Consumer medicine information

Blooms The Chemist Atorvastatin

Blooms The Chemist Atorvastatin

Atorvastatin calcium trihydrate


Consumer Medicine Information

For a copy of a large print leaflet, Ph: 1800 195 055

What is in this leaflet

This leaflet answers some of the more common questions about Blooms The Chemist Atorvastatin. It does not contain all of the available information. It does not take the place of talking to your doctor or pharmacist.

All medicines have risks and benefits. Your doctor has weighed the risks of you taking this medicine against the benefits he/she expects it will have for you.

If you have any concerns about taking this medicine, ask your doctor or pharmacist.

Keep this leaflet with your medicine. You may need to read it again.

What this medicine is used for

The name of your medicine is Blooms The Chemist Atorvastatin. It contains the active ingredient atorvastatin.

Atorvastatin is used to lower high cholesterol levels.

It is also used to help reduce the risk of having a heart attack or stroke in people who have high blood pressure and coronary heart disease (CHD). Examples of risk factors for CHD include diabetes, a history of stroke, or small blood vessel disease.

What is Cholesterol?

Everyone has cholesterol in their blood. It is a type of blood fat needed by the body for many things, such as building the cell lining, making bile acids (which help to digest food) and some hormones. However, too much cholesterol can be a problem.

Cholesterol is present in many foods and is also made in your body by the liver. If your body makes too much cholesterol or you have too much cholesterol in your diet, then your level becomes too high.

High cholesterol is more likely to occur with certain diseases or if you have a family history of high cholesterol.

There are different types of cholesterol. LDL, or low-density lipoprotein, is the ‘bad’ cholesterol that can block your blood vessels. HDL, or high density lipoprotein, cholesterol is the ‘good’ cholesterol that is thought to remove the bad cholesterol from the blood vessels.

When you have high levels of ‘bad’ cholesterol in your blood, it may begin to ‘stick’ to the inside of your blood vessels instead of being carried to the parts of the body where it is needed. Over time, this can form hard areas, also called plaque, on the walls of your blood vessels, making it more difficult for the blood to flow. Sometimes the plaque can detach from the vessel wall and float in the blood stream; it can then reach a smaller vessel and completely block it. This blocking of your blood vessels can lead to several types of blood vessel disease, heart attack, angina and stroke.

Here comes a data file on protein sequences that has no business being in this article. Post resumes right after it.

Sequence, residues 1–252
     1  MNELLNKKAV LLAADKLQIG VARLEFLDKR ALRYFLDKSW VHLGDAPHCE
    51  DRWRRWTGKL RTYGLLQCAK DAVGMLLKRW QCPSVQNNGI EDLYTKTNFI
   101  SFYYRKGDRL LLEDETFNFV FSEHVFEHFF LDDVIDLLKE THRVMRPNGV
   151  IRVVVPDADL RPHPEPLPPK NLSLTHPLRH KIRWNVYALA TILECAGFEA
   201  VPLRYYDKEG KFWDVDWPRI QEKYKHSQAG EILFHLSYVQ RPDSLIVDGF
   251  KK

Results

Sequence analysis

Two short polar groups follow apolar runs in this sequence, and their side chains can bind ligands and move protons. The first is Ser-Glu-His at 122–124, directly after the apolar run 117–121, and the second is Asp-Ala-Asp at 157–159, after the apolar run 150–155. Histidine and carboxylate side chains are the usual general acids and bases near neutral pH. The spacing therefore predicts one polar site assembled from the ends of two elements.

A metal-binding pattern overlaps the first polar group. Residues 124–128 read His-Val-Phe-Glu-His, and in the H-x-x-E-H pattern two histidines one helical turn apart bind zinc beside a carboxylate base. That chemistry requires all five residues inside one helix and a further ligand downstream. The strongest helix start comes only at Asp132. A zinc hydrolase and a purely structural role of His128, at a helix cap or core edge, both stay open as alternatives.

There is another type of blood fat called triglyceride, which is a source of energy. However, high levels of triglyceride can be associated with a low level of ‘good’ cholesterol and may increase your risk of heart disease.

In some patients, Blooms The Chemist Atorvastatin is used to treat high cholesterol and high triglycerides together.

In most people, there are no symptoms of abnormal cholesterol or triglyceride levels. Your doctor can measure your levels with a simple blood test.

How it works

Blooms The Chemist Atorvastatin belongs to a group of medicines called HMG-CoA reductase inhibitors. It works by reducing the amount of cholesterol made by the liver. This medicine reduces the ‘bad’ cholesterol and can raise the ‘good’ cholesterol. It also helps to protect you from a heart attack or stroke.

Ask your doctor if you have any questions about why this medicine has been prescribed for you. Your doctor may have prescribed it for another reason.

This medicine is not addictive.

This medicine is available only with a doctor’s prescription.

Before you take this medicine

When you must not take it

Do not take Blooms The Chemist Atorvastatin if you have an allergy to:

  • any medicines containing atorvastatin
  • any of the ingredients listed at the end of this leaflet.

Some of the symptoms of an allergic reaction may include:

  • shortness of breath
  • wheezing or difficulty breathing
  • swelling of the face, lips, tongue or other parts of the body
  • rash, itching or hives on the skin.

Do not take Blooms The Chemist Atorvastatin if you have active liver disease.

Do not take this medicine if you are pregnant or intend to become pregnant.

If you are a woman of child-bearing age and are taking this medicine, use a proven method of birth control to avoid pregnancy. The medicine may affect your developing baby if you take it during pregnancy.

Do not breast-feed if you are taking this medicine. The active ingredient in this medicine may pass into breast milk and affect your baby.

Do not take this medicine if you are taking the antibiotic fusidic acid which is used to treat infections.

Do not take this medicine if you are taking the antivirals, glecaprevir/pibrentasvir for the treatment of Hepatitis C.

Do not take this medicine after the expiry date printed on the pack or if the packaging is torn or shows signs of tampering. If it has expired or is damaged, return it to your pharmacist for disposal.

If you are not sure whether to start taking Blooms The Chemist Atorvastatin, talk to your doctor.

Before you start to take it

Your doctor will ask you to have your liver function tested before you start to take this medicine

Tell your doctor if you have allergies to any other medicines, foods, preservatives or dyes.

Tell your doctor if you have or have had any of the following medical conditions:

  • liver problems
  • kidney problems
  • muscle pain, tenderness or weakness from other medicines used to treat high cholesterol or triglycerides
  • a type of stroke called a haemorrhagic stroke or a type of stroke called a lacunar stroke. If you have had one of these strokes before, this medicine may increase the risk of you having a haemorrhagic stroke.
  • breathing problems.

Tell your doctor if you drink alcohol regularly.

If you have not told your doctor about any of the above, tell him/her before you start taking this medicine.

Taking other medicines